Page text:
The Nature of Color

In 1667, Newton returned to Cambridge, where in the next year he became a senior fellow upon taking his master of arts degree, and in 1669, he succeeded Isaac Barrow as Lucasian Professor of Mathematics. Incredible, if you take into account that Newton was barely 27 years of age. He had reached the conclusion during the two plague years that white light is not a simple entity. Every scientist since Aristotle had believed that white light was a basic single entity, but the chromatic aberration in a telescope lens convinced Newton otherwise. When he passed a thin beam of sunlight through a glass prism Newton noted the spectrum of colors that was formed. He argued that white light is really a mixture of many different types of rays which are refracted at slightly different angles, and that each different type of ray produces a different spectral color. Newton was led by this reasoning to the erroneous conclusion that telescopes using refracting lenses would always suffer chromatic aberration. He therefore proposed and constructed a reflecting telescope. [13] At Cambridge, Newton was able to organize the results of his optical researches and in 1672, shortly after his election to the Royal Society after donating his reflecting telescope, he communicated his first public paper, a brilliant but no less controversial study on the nature of color.

“Hypotheses non fingo”. (I frame no hypotheses.), 
— Isaac Newton, Philosophiae Naturalis Principia Mathematica, Third edition

Cover page of Isaac Newton's "Opticks or a treatise of the reflections, refractions, inflections and colours of light", 1730

Cover page of Isaac Newton’s “Opticks or a treatise of the reflections, refractions, inflections and colours of light”, 1730

Principia Mathematica

Due to a dispute with his fellow scientist Robert Hooke,[17] who claimed that Newton had stolen some of his optical results, Newton turned in on himself and away from the Royal Society which he associated with Hooke as one of its leaders. He even delayed the publication of a full account of his optical researches until after the death of Hooke in 1703. Newton’s Opticks appeared in 1704. In 1687, with the support of his friend the astronomer Edmond Halley [6], Newton published his single greatest work, the ‘Philosophiae Naturalis Principia Mathematica‘, in which he showed how a universal force, gravity, applied to all objects in all parts of the universe. The Principia is recognized as the greatest scientific book ever written. Newton analyzed the motion of bodies in resisting and non-resisting media under the action of centripetal forces. The results were applied to orbiting bodies, projectiles, pendulums, and free-fall near the Earth. He further demonstrated that the planets were attracted toward the Sun by a force varying as the inverse square of the distance and generalized that all heavenly bodies mutually attract one another.[13]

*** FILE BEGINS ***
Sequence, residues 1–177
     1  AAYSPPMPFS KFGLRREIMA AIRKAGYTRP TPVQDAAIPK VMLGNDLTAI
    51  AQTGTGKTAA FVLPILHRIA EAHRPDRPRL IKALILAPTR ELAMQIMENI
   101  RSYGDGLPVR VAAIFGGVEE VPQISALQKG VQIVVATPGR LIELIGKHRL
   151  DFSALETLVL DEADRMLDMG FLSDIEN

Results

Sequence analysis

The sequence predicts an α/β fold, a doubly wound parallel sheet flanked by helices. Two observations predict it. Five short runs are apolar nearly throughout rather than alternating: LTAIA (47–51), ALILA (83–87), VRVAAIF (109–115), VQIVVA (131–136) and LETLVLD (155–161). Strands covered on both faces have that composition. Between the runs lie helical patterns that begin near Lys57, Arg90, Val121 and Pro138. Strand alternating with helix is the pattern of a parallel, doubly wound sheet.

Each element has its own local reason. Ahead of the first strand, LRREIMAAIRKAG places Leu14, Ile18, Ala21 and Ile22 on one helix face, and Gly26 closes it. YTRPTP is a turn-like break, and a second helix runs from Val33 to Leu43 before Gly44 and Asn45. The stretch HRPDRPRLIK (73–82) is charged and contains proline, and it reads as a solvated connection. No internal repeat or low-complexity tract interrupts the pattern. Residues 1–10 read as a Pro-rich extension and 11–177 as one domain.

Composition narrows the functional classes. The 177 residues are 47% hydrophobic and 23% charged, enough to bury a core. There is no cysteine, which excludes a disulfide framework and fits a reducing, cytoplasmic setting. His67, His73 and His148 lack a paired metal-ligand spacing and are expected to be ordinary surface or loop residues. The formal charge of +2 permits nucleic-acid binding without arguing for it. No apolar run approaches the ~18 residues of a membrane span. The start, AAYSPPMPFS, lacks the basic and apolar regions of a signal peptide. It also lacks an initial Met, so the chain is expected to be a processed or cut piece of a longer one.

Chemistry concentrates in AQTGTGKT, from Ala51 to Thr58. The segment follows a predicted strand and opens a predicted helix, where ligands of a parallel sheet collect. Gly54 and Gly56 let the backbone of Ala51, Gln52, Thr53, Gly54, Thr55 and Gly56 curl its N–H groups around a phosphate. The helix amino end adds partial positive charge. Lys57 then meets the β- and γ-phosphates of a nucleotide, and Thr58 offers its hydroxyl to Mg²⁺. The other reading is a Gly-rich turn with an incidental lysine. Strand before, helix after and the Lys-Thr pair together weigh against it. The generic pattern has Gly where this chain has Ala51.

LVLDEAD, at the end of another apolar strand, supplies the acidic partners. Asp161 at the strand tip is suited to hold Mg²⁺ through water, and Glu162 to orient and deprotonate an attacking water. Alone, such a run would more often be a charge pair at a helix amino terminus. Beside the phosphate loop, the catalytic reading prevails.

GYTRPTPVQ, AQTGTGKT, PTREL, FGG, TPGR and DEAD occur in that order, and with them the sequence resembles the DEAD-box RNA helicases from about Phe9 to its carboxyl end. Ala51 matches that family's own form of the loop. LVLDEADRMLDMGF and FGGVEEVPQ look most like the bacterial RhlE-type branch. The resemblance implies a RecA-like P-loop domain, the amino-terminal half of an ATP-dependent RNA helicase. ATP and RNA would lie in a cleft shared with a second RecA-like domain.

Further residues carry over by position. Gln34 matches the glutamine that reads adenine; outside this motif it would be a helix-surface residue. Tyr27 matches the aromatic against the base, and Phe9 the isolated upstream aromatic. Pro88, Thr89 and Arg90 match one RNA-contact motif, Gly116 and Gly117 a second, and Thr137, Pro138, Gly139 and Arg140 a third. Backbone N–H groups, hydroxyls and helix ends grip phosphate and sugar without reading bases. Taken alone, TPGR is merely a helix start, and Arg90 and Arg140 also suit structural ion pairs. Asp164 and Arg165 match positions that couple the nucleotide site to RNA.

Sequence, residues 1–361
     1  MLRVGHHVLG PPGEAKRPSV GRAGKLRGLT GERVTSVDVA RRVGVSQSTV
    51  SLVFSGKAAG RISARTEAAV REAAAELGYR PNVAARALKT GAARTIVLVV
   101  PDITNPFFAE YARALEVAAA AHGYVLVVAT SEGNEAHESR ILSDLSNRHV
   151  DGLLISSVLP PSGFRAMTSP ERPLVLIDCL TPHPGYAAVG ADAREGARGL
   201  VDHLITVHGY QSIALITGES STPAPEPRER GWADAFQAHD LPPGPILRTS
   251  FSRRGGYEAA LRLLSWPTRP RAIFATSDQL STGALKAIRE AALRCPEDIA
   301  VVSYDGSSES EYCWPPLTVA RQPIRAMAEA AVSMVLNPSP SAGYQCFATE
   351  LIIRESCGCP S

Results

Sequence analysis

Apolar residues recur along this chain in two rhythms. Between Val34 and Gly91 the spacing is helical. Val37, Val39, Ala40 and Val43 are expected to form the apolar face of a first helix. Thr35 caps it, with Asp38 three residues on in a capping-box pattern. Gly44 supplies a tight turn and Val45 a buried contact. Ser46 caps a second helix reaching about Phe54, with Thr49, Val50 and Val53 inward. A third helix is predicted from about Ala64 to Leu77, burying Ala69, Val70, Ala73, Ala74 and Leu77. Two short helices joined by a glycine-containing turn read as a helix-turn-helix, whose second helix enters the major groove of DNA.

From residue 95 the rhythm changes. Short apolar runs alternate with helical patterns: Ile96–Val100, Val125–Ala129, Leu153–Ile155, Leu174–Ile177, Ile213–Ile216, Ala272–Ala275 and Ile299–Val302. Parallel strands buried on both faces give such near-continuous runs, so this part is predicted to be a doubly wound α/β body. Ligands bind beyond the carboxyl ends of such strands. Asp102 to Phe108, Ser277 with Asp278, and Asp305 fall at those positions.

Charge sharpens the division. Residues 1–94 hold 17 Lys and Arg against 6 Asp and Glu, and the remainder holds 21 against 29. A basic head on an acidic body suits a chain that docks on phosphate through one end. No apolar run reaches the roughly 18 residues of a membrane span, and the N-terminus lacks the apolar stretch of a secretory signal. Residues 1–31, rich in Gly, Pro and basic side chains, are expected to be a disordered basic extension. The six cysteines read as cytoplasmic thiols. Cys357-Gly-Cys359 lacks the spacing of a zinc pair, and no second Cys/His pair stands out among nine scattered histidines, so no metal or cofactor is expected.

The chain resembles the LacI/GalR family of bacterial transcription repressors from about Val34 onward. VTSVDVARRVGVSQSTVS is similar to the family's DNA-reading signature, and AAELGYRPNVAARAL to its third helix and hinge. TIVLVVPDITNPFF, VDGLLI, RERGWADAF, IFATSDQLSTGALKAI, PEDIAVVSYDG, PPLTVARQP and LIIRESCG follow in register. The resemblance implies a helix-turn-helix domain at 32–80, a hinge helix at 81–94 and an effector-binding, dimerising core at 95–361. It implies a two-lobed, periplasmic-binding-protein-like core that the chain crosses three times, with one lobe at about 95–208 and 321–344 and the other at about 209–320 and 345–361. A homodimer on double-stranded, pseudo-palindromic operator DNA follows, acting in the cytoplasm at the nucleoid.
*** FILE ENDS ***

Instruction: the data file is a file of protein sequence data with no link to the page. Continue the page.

Sir Isaac Newton's own first edition copy of his Philosophiae Naturalis Principia Mathematica with his handwritten corrections for the twentieth edition.

Sir Isaac Newton’s own first edition copy of his Philosophiae Naturalis Principia Mathematica with his handwritten corrections for the twentieth edition.

Warden of the Mint

In 1689, Newton was elected member of parliament for Cambridge University and in 1696, by the support of his friend and ex-student, Charles Montagu, 1st Earl of Halifax, Newton was appointed warden of the Royal Mint, settling in London. He took his duties at the Mint very seriously and campaigned against corruption and inefficiency within the organisation. As a scholar, Newton held court in the fashionable London coffee houses, surrounded by his acolytes, for whom the term Newtonians was originally minted, handing out unpublished manuscripts to the favored few for their perusal and edification [15]. Newton was made President of the Royal Society in 1703 and an associate of the French Académie des Sciences. In his position at the Royal Society, Newton made an enemy of John Flamsteed, the Astronomer Royal, by prematurely publishing Flamsteed’s Historia Coelestis Britannica, which Newton had used in his studies.[16]

In April 1705, Queen Anne knighted Newton during a royal visit to Trinity College, Cambridge. Newton was referred to being  a rather difficult man, prone to depression and often involved in bitter arguments with other scientists, but by the early 1700s he was the dominant figure in British and European science. Isaac Newton died on 31 March 1727 [NS] (20 March 1726 [OS]) at age 84 and was buried in Westminster Abbey.

Robin Wilson and Raymond Flood, The World of Isaac Newton, [18]

References and Further Reading: